Live a Long Life? Thank Your Taste Buds

What if the way you tasted creme brulee could determine how long you live?

Amazingly, a new study has found that, in fruit flies, taste buds appear to help promote a long, healthy life. Of course, we're not fruit flies.  But they actually have a close resemblance to us.  According to the University of North Carolina, fruit flies share 75% of the genes that cause disease in humans."

Newswise.com reports that taste buds "may in fact have a powerful role in a long and healthy life – at least for fruit flies, say two new studies that appear in the Proceedings of the National Academy of Sciences of the United States of America."

Researchers from the University of Michigan, Wayne State University and Friedrich Miescher Institute for Biomedical Research in Switzerland found that suppressing the animal’s ability to taste its food –regardless of how much it actually eats – can significantly increase or decrease its length of life and potentially promote healthy aging.

Bitter tastes could have negative effects on lifespan, sweet tastes had positive effects, and the ability to taste water had the most significant impact – flies that could not taste water lived up to 43% longer than other flies. "The findings suggest that in fruit flies, the loss of taste may cause physiological changes to help the body adapt to the perception that it’s not getting adequate nutrients," the Web site notes.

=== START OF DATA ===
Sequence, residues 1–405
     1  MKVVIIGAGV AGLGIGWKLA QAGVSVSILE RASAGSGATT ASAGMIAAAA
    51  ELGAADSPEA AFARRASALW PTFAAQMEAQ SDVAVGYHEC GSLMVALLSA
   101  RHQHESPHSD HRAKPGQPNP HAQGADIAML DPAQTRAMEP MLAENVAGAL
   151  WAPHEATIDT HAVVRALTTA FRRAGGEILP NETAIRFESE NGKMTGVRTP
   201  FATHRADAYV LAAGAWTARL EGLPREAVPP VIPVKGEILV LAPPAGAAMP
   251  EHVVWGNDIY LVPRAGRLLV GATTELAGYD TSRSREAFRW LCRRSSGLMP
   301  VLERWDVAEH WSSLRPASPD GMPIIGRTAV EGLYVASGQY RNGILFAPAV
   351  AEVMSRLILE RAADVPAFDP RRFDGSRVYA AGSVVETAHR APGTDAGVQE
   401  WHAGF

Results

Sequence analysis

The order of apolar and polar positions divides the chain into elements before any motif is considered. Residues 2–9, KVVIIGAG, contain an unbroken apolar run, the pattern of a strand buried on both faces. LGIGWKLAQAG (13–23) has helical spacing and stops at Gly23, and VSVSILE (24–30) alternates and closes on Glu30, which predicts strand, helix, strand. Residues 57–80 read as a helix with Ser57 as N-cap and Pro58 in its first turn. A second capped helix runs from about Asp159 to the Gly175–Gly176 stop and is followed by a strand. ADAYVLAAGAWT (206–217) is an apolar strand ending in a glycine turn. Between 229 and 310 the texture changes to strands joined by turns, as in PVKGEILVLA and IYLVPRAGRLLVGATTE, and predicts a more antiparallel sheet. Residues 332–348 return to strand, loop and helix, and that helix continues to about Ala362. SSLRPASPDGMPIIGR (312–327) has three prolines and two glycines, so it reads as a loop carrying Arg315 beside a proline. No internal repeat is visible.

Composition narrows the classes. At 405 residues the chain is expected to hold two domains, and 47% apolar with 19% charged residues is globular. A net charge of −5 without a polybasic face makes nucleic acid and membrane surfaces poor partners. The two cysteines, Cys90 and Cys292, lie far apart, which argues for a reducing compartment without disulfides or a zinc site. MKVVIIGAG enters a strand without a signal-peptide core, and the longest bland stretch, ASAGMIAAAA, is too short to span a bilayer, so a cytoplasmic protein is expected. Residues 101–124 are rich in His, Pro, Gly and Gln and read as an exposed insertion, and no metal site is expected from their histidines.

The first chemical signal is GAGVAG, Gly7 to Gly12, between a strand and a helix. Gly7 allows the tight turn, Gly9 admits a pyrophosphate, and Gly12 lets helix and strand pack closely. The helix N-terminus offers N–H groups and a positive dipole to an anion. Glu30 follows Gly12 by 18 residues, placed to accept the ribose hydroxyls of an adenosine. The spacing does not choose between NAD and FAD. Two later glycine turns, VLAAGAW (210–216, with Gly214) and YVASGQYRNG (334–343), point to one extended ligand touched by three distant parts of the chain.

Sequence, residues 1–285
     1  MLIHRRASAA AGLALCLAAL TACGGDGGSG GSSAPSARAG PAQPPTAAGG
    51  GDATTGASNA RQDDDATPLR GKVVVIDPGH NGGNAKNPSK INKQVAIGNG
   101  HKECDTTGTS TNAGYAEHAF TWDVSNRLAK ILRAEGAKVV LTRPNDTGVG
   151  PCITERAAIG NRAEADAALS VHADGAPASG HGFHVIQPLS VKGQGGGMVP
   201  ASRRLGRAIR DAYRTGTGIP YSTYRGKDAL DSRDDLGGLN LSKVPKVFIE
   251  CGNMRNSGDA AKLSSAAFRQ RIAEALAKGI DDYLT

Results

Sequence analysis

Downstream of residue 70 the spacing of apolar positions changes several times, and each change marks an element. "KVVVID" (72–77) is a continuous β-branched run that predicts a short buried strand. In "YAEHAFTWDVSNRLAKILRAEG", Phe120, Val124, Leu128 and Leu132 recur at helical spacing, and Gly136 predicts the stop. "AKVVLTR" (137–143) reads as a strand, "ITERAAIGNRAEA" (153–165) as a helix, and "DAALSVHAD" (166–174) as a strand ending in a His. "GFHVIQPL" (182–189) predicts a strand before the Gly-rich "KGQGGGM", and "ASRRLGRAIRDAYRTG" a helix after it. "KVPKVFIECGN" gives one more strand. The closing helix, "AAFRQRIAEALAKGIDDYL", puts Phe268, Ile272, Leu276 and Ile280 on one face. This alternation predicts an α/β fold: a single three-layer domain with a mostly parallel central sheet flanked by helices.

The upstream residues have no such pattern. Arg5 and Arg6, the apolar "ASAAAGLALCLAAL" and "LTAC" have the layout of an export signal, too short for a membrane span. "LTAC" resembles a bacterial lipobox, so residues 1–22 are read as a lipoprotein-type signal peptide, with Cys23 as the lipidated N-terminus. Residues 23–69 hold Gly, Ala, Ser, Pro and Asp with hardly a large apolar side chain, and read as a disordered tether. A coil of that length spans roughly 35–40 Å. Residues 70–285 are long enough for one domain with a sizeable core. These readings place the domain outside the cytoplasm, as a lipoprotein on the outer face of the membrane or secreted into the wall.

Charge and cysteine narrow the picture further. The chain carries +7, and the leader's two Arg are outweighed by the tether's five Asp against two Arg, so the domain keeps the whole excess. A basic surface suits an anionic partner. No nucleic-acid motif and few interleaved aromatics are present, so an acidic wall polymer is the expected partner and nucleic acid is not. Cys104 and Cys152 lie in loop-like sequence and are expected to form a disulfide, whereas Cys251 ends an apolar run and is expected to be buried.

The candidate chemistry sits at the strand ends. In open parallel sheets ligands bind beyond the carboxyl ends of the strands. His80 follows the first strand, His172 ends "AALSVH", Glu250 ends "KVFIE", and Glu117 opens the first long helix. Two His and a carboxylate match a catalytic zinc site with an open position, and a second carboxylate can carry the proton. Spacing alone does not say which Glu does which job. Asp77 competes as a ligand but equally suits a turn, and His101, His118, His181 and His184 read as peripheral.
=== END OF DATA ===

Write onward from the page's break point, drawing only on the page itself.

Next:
In the case of flies whose loss of water taste led to a longer life, authors say the animals may attempt to compensate for a perceived water shortage by storing greater amounts of fat and subsequently using these fat stores to produce water internally. Further studies are planned to better explore how and why bitter and sweet tastes affect aging.
“This brings us further understanding about how sensory perception affects health. It turns out that taste buds are doing more than we think,” newswise quotes senior author of the University of Michigan-led study Scott Pletcher, Ph.D., associate professor in the Department of Molecular and Integrative Physiology and research associate professor at the Institute of Gerontology. “We know they’re able to help us avoid or be attracted to certain foods but in fruit flies, it appears that taste may also have a very profound effect on the physiological state and healthy aging.”
So pass those chocolates to me.  Eat up, everyone!





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